Clamp for PEG

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tawill

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I am new to my PEG and fell at 4wks in, landed on my tummy and displaced my PEG. New tube yesterday and it doesn't have a clamp. I have lost a lot of my fine motor skills in my hands, and am having trouble trying to kink tube and refill syringe with one hand and attach syringe with one hand. Any idea where I can get a clamp that is easy to use with very little pressure one handed?
 

Diane H

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I have never had a tube with a clamp and never needed one so am puzzled by the idea of kinking or clamping the tube for syringe feedings. Do stomach contents come up and out the tube when it is open? All I get is the release of air from my stomach -- a burp! If your tube is really long, not the standard 5 or 6 inches, I suppose it could leak since it would be harder to to keep it elevated. In my 12 years with a feeding tube and in my years as a nurse, I have never been instructed to clamp or kink a tube during a syringe feeding. Clamps are used to slow feedings given slowly from an elevated bag. Perhaps you were told that it was necessary to clamp the tube to keep air out of the stomach. The open tube will not suck air in. Pressure is higher in your stomach than outside so any air flow is out, not in. Any air that gets in the tube while it is uncapped will go into your stomach when the formula is put in on top of it, but unless, and even if, you have a long tube, the amount of air is minimal. If you let a syringe empty completely before adding more formula, you will get a few more cc's of air in. Even so, it is harmless. We swallow some air when we talk, eat, and drink. Drinking through a straw gives you a straw full of air with every sip and no one ever died from that. Even my Intensive care patients didn't need to be protected from air with feedings! Sounds to me like someone is equating air through a feeding tube with air through an IV! But maybe I am missing some simple, practical use for kinking or clamping a tube. Goodness knows I have missed the obvious before!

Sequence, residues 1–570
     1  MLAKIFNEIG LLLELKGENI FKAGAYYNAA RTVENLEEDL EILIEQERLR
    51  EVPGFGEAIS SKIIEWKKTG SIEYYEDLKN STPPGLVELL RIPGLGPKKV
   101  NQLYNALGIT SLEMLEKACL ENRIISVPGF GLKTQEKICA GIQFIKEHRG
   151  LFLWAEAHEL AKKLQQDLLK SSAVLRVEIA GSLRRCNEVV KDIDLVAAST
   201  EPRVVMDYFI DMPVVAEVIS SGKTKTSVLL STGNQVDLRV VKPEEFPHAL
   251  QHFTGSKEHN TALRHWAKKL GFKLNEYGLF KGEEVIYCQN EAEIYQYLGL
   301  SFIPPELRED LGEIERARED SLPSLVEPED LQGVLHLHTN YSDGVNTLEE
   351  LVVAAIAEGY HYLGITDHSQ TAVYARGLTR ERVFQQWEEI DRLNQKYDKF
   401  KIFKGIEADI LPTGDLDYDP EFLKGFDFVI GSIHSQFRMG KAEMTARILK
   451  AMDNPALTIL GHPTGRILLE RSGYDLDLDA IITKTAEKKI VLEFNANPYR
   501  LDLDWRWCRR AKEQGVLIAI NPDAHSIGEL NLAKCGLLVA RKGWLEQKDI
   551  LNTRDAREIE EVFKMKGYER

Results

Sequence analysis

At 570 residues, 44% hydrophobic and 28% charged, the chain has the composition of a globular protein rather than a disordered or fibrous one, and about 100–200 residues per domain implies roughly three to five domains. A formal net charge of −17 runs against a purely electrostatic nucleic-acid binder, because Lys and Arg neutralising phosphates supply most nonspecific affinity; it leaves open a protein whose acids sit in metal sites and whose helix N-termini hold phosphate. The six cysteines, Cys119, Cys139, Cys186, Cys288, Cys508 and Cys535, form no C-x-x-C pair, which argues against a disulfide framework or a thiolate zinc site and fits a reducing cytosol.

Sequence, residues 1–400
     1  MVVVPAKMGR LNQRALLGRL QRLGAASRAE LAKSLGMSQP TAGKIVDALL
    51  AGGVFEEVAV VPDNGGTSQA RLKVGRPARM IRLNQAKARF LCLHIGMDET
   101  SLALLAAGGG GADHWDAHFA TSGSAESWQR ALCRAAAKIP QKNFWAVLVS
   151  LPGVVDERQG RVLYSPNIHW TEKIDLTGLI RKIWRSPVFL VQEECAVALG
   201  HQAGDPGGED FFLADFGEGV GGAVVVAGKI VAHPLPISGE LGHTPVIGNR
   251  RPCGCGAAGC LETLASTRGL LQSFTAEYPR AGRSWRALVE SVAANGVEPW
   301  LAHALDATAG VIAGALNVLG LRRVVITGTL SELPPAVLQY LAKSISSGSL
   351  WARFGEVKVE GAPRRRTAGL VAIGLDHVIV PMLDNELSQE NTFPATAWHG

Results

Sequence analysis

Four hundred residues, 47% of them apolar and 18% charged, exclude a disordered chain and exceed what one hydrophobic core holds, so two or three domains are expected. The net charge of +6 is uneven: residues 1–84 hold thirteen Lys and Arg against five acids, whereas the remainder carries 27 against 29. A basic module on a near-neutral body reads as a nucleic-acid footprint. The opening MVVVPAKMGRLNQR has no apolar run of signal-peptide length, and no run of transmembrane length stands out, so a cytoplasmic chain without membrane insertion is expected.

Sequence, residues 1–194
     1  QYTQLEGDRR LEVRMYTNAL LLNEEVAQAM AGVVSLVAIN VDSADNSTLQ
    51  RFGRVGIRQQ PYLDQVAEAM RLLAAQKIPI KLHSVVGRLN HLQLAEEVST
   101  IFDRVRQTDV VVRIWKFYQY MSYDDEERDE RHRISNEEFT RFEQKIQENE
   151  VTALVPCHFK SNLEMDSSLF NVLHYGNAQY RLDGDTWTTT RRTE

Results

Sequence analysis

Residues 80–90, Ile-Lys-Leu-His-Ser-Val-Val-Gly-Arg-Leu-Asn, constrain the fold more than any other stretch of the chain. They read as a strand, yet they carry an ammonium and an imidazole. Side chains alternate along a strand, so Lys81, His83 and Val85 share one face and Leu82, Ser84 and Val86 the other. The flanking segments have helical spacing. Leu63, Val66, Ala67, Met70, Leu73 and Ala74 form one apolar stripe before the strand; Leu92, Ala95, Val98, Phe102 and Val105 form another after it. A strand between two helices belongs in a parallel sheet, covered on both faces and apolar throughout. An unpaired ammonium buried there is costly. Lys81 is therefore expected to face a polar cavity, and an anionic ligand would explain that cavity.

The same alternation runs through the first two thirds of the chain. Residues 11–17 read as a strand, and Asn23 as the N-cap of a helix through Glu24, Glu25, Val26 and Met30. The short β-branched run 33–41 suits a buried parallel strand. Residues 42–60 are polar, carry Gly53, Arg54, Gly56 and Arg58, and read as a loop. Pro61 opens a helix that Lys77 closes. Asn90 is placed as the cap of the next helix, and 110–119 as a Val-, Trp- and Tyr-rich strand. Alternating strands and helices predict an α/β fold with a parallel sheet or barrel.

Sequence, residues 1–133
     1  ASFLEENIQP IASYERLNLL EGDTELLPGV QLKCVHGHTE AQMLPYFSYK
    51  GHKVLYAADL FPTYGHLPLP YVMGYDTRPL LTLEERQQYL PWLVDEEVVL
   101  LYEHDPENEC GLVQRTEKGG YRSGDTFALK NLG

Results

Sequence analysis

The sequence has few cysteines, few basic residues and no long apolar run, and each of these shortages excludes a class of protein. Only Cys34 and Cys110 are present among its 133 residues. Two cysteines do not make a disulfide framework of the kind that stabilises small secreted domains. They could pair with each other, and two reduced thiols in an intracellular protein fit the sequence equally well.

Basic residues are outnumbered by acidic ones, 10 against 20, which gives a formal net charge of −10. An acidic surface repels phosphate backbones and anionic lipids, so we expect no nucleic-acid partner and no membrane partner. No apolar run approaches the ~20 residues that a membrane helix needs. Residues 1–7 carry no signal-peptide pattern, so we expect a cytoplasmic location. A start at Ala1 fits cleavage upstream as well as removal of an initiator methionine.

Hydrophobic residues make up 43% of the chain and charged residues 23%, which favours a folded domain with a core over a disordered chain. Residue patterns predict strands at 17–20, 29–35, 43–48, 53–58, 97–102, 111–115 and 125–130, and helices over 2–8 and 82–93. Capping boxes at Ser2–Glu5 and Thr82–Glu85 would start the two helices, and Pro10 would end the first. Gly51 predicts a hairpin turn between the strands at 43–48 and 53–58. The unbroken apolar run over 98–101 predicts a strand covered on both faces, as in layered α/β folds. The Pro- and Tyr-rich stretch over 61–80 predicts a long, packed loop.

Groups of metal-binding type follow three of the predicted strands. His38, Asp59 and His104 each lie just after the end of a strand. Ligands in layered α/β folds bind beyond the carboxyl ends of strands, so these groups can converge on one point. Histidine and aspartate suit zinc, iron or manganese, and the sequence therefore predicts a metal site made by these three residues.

4tloml